Thursday, September 27, 2012

UN OEWG - Open Ended Working Group: The Chair's Summary

The United Nations General Assembly created an Open-ended Working Group (OEWG) on Ageing in December 2010 to consider existing international framework on human rights of older persons, and identify possible gaps and how best to address them, including by considering, as appropriate, the feasibility of further instruments and measures.

Between August 21-24 the 3rd meeting of the OEWG - Open Ended Working Group of the UN for the purpose of strengthening the human rights of older persons was convened in New York.
The Chair of the group has published the summary of this meeting.
Here is the link to the full summary:

Here are the closing remarks of the chair:

IV. Closing Remarks by Chair

In his closing remarks, the Chair summarized important themes and discussions addressed during the interactive panel sessions. He highlighted several proposals and suggestions that were put forward by Member States and civil society organisations.

The Chair stated that it was evident, that Member States continue to be interested in strengthening the protection of the human rights of older persons. In appreciating the opportunity to exchange views on ways to address this topic, the Chair noted diverging opinions that had emerged during the debate. Certain Member States felt strongly that the human rights of older persons are protected by existing instruments, and that focus should be placed on implementation through improved legal frameworks and building on existing national, regional and international instruments, with the understanding that the Madrid International Plan of Action on Ageing (MIPAA) is sufficient to protect the human rights of older persons.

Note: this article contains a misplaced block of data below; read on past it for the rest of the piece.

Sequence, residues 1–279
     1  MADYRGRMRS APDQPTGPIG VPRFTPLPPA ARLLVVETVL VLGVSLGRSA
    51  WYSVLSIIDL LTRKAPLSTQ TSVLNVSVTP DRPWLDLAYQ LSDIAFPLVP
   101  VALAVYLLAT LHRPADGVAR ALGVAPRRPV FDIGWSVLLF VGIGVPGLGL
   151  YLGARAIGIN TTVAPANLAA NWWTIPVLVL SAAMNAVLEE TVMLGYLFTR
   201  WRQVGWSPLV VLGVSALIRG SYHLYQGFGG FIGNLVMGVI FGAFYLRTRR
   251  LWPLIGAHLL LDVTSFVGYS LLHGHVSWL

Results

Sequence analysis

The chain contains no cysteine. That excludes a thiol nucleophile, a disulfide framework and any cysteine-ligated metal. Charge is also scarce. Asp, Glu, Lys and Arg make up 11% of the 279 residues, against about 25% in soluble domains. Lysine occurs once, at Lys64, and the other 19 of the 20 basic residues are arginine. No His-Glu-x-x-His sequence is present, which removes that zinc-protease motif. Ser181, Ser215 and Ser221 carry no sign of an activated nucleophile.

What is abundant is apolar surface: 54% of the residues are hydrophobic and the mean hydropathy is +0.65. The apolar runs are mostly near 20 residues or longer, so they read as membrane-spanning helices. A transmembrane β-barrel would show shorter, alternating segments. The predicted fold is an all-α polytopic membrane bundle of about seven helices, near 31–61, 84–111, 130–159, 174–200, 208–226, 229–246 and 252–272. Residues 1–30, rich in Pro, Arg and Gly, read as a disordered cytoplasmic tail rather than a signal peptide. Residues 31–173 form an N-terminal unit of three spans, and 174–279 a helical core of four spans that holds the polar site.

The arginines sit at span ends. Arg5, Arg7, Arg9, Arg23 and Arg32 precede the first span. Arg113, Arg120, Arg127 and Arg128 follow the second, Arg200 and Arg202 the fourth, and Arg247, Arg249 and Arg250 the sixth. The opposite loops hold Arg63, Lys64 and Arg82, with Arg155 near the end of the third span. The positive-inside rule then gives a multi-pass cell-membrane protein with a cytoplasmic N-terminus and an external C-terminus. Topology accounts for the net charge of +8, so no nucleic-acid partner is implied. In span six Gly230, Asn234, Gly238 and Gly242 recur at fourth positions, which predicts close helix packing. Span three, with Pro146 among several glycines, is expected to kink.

The Chair noted that some Member States focused their statements on development and the need to ensure a more comprehensive protection of the human rights of older persons. Others stated that existing treaty bodies are already constrained with heavy workload and limited timelines, and therefore, could not be further burdened with the responsibility of addressing the human rights of older persons. Some Member States suggested calling upon existing United Nations Rapporteurs, while others recommended asking for special procedures from the Human Rights Council to seek recommendations on how to better protect and promote the human rights of older persons. The Chair also noted that certain Member States, as well as civil society organisations, called for the drafting of a new international instrument; a United Nations convention on the rights of older persons, to provide a binding treaty that identifies the rights of older persons as well as the obligations of State parties to the convention.

The Chair reassured official delegations and representatives of the civil society that their viewpoints would be reflected and taken into account. He emphasised the importance of the Open-ended Working Group in that regard, as well as the need to renew its mandate to continue to explore and deliberate on options for more commonly acceptable solutions to protect and promote the enjoyment of all human rights and fundamental freedoms by older persons without discrimination.

Having stated that, the Chair proposed that the future course of action on this issue be left for the Third Committee to decide at the forthcoming sixty-seventh session of the General Assembly.